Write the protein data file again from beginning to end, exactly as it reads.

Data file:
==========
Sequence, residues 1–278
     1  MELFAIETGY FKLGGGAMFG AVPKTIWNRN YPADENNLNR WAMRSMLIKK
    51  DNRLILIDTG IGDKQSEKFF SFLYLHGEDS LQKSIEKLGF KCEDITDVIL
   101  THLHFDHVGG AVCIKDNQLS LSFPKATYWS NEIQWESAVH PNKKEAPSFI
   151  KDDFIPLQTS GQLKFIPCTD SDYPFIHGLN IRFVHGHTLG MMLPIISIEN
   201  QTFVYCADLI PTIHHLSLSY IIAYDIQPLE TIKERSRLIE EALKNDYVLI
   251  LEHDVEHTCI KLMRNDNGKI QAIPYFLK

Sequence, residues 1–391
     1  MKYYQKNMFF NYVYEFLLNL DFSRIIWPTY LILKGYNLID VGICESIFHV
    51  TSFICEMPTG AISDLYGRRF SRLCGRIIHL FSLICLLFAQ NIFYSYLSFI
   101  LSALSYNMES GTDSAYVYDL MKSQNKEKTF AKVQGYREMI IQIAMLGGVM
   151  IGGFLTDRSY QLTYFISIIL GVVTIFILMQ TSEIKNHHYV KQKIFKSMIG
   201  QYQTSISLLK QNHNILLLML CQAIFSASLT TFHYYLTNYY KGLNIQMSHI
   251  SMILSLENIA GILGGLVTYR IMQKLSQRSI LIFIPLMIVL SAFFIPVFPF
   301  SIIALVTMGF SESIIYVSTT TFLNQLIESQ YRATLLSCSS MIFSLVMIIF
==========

Sequence, residues 1–278
     1  MELFAIETGY FKLGGGAMFG AVPKTIWNRN YPADENNLNR WAMRSMLIKK
    51  DNRLILIDTG IGDKQSEKFF SFLYLHGEDS LQKSIEKLGF KCEDITDVIL
   101  THLHFDHVGG AVCIKDNQLS LSFPKATYWS NEIQWESAVH PNKKEAPSFI
   151  KDDFIPLQTS GQLKFIPCTD SDYPFIHGLN IRFVHGHTLG MMLPIISIEN
   201  QTFVYCADLI PTIHHLSLSY IIAYDIQPLE TIKERSRLIE EALKNDYVLI
   251  LEHDVEHTCI KLMRNDNGKI QAIPYFLK

Sequence, residues 1–391
     1  MKYYQKNMFF NYVYEFLLNL DFSRIIWPTY LILKGYNLID VGICESIFHV
    51  TSFICEMPTG AISDLYGRRF SRLCGRIIHL FSLICLLFAQ NIFYSYLSFI
   101  LSALSYNMES GTDSAYVYDL MKSQNKEKTF AKVQGYREMI IQIAMLGGVM
   151  IGGFLTDRSY QLTYFISIIL GVVTIFILMQ TSEIKNHHYV KQKIFKSMIG
   201  QYQTSISLLK QNHNILLLML CQAIFSASLT TFHYYLTNYY KGLNIQMSHI
   251  SMILSLENIA GILGGLVTYR IMQKLSQRSI LIFIPLMIVL SAFFIPVFPF
   301  SIIALVTMGF SESIIYVSTT TFLNQLIESQ YRATLLSCSS MIFSLVMIIF